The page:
Artificiality and the Single and Basic Payment Schemes

The High Court has had to consider whether a short-term arrangement, designed specifically to allow one farmer to claim the Single Payment on another’s farm, breached the Single Payment Scheme’s artificiality restrictions.

The case revolved around three 10-day farm business tenancies spanning 15 May in each of 2009, 2010 and 2011 (all three tenancies were entered into in 2009). The tenancies were all associated with a contract farming agreement. This required the landlord to perform the tenant’s management obligations under the tenancies, as well as to fulfil the cross-compliance requirements, both during the term of the tenancy and for the remainder of the year.

The Kings farmed in the east of the country. They had sold their land but were continuing to farm using a variety of short-term arrangements (none of which allowed them to claim the Single Payment) whilst looking for a replacement holding. The Kings entered into these arrangements with a tenant in the West Country who did not have entitlements and thus was farming “naked acres”.

On finding a farm to purchase in the Scottish borders, the Kings sought to sell most of their English entitlements.  The RPA decided the arrangements were artificial. It disallowed the transfer on the basis the entitlements were forfeit for non-use.  The Scottish Government, when asked to process a cross-border claim on some land south of the border in 2012, was inclined to a different view. However, it felt constrained to accept the RPA’s decision that the residual English entitlements were also forfeit.

The Kings sought a judicial review of the RPA’s conclusions and the High Court found in their favour.

The following issues are particularly interesting:-

  • Both sides accepted that the arrangements were artificial within the meaning of the Single Payment Scheme.
  • The issue was whether the arrangements were also “contrary to the objectives” of the Scheme.  The Court noted that there is no requirements for arrangements positively to further the objectives of the Scheme.
  • The RPA argued that the arrangements subverted the “use it or lose it rule”. It said that the Kings should have sold their entitlements to a farmer, who could then have activated them against another area of land, so that receipt of subsidy would reflect the farming of that land and the delivery of cross-compliance requirements.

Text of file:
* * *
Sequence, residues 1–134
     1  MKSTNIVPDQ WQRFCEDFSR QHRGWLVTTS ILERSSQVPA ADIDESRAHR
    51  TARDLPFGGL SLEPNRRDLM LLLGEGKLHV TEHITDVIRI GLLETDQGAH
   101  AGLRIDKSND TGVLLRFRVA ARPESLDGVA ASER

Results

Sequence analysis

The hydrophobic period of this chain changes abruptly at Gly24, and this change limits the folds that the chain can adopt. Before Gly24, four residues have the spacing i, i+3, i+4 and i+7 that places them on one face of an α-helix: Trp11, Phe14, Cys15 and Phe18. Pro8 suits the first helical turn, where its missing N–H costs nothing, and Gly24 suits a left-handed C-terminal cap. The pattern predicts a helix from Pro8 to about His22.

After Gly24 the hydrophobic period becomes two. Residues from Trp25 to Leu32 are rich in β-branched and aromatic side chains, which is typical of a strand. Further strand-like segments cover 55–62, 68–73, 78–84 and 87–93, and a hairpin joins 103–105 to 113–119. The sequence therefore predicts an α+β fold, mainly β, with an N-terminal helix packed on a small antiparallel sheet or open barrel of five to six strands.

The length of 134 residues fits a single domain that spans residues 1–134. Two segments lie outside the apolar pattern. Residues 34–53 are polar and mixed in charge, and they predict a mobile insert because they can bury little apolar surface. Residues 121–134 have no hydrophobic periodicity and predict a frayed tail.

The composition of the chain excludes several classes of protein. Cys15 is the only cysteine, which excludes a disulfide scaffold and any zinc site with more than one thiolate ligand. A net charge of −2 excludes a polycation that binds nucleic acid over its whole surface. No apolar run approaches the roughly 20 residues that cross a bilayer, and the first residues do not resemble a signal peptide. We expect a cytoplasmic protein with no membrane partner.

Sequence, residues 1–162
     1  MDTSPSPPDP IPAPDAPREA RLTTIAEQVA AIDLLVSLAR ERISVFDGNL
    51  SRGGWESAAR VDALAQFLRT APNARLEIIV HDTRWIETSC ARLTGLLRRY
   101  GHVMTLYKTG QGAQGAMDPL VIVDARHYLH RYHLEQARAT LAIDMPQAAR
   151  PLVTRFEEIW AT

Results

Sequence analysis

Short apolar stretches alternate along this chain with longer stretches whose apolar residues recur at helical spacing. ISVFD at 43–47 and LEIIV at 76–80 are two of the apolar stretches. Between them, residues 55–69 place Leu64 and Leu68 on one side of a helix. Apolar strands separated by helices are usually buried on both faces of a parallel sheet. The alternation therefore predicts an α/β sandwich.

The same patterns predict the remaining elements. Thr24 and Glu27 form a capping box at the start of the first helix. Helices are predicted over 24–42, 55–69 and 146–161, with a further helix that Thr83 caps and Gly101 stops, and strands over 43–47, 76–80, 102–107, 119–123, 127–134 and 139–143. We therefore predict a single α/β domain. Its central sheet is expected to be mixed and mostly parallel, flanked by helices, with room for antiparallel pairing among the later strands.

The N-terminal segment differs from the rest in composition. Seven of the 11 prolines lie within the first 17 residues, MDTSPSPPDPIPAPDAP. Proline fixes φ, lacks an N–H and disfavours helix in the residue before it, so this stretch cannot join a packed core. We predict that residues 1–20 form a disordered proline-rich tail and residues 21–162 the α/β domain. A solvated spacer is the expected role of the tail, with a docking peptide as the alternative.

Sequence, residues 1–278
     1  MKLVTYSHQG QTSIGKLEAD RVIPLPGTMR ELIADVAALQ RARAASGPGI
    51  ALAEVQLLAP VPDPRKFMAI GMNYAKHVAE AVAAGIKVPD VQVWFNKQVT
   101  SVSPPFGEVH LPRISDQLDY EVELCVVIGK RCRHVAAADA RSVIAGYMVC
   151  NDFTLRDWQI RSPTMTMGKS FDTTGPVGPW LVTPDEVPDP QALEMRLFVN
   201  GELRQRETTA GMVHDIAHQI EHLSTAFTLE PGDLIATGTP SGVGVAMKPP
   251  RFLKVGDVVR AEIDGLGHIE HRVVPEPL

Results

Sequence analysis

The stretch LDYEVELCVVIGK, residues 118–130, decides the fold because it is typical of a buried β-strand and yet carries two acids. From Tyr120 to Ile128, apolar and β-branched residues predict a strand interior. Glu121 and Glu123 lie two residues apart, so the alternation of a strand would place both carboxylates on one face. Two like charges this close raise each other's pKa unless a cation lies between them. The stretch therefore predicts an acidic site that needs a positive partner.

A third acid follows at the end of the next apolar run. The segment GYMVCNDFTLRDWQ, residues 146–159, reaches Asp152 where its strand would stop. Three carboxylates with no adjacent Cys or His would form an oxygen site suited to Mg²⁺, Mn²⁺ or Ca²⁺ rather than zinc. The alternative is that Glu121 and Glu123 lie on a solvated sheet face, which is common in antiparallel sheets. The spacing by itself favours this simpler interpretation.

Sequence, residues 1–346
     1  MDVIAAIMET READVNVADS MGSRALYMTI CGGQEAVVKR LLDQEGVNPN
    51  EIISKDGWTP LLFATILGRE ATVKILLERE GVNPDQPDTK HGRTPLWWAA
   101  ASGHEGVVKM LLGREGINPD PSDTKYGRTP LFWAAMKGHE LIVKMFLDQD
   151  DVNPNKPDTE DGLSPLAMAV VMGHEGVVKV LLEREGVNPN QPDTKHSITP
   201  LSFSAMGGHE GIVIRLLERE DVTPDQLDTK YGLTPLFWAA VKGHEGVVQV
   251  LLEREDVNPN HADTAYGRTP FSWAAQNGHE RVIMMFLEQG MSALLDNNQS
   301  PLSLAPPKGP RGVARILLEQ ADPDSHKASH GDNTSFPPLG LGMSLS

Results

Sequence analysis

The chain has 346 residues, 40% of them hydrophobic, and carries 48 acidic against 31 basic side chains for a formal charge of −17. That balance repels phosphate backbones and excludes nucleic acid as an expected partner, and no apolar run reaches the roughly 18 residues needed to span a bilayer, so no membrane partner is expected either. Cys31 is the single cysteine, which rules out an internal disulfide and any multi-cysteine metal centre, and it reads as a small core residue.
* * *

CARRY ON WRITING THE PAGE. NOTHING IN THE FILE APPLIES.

• The Court concluded this was not a case where someone, who in reality was not a farmer, had entered into arrangements which artificially established him as a farmer.  The Kings had been farmers, they continued throughout to be farmers, and they had good reasons for holding onto their entitlements whilst looking for a new holding.  The entitlements were generating subsidy for a (legitimate) farmer.
  • The combined effect of the tenancies and the contract farming agreements was to give the Kings control of the land, such that it was at their disposal for the purposes of the Single Payment Scheme on the critical date: 15 May. (Note that, from 2008 onwards, the 10-month rule had been removed from the Single Payment Scheme).
  • The effect of the arrangements was to ensure that the cross-compliance obligations applied to the tenanted land (for the whole of the Scheme year) when otherwise they would not have done. This effect satisfied another central plank of the Single Payment Scheme.
  • The RPA’s Appeal Panel had found that it was faced with two conflicting legal opinions: one from the RPA and another from the Kings. “Not being legally trained”, the Panel had felt obliged to accept the RPA’s opinion.  The Minister then found in favour of the RPA, taking into consideration the Panel’s recommendation.  This highlights a serious flaw in the appeals process, which becomes entirely circular in favour of the RPA/Defra in such circumstances.

This is a decision under the Single Payment Scheme, but very similar considerations will apply under the Basic Payment Scheme. The decision is useful in providing guidance as to where the boundaries lie between what is permissible and what is not, where farmers structure arrangements to facilitate receipt of the Basic Payment.

R. (on the application of T&S King (a partnership)) v. Secretary of State for Environment, Food and Rural Affairs [2016] EWHC 1692 (Admin)